David Allen is widely regarded as the leader in all things productivity. His book “Getting Things Done: The Art of Stress-Free Productivity” pioneered a new frontier of standards for business operations. From major Fortune 500 companies to mom and pop stores, “Getting Things Done” has helped individuals and businesses of all backgrounds drastically increase their productivity.
Allen’s book provides a systematic process to follow for organizing your tasks to boost efficiency. The premise states to take your daily tasks and send them through a fivestep workflow. This workflow then simplifies those tasks and helps you organize them in a manner that makes them easier to accomplish. Interested? Here are the five simple steps you need to get things done.
Using an in-basket or notepad, capture all projects, both personal and professional. Get everything that needs your attention in one place.
Take in everything that you captured and ask if there is an action item that can be created from it. If no, remove it. If yes, move it down the workflow.
Organize your action item list and place your tasks in the appropriate categories.
Review your action item list and determine what to do next. Clean this list up weekly and make sure to update all tasks accordingly.
Go and get things done. Take action on the action item list and start crossing off tasks.
Beyond the system that Allen provides, there are many other ways to increase efficiency in your day-to-day tasks. Having two screens at your workstation can be a total game changer. While clicking between tabs may seem like it’s a harmless task, research done by John Peddie states having an extra monitor can enhance productivity by 20–30 percent. Another simple solution to boost your productivity is to mirror your work desk and your home desk. Your brain will be better able to frame tasks if there is consistency between your work spaces.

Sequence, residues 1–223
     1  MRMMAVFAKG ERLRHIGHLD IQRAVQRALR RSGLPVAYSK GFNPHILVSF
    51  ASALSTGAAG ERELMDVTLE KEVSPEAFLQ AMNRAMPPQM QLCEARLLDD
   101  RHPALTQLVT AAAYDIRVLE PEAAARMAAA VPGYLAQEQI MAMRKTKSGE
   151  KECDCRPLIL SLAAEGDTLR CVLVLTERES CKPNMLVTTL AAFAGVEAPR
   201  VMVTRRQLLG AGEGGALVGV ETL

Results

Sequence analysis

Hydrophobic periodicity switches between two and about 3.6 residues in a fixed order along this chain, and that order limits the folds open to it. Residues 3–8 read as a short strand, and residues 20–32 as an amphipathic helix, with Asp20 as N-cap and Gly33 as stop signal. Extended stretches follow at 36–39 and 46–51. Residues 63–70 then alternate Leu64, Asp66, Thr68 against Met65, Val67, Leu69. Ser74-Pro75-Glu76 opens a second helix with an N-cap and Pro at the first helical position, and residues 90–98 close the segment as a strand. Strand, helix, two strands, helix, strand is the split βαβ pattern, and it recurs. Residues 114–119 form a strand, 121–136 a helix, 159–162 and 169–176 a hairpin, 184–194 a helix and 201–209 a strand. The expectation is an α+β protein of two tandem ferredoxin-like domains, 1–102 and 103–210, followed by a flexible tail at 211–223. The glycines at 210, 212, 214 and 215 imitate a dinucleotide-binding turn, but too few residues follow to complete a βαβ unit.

If you find yourself constantly getting behind on tasks, missing deadlines, or find life unwillingly dragging you along, the system Allen puts in place can prompt a major revival in your life. Following the simple workflow in “Getting Things Done” goes beyond creating a more productive workday. It’s about creating more time and changing who is in control of that time. It’s not time management, it’s time liberation. Just ask yourself what you would do with more time in your day.
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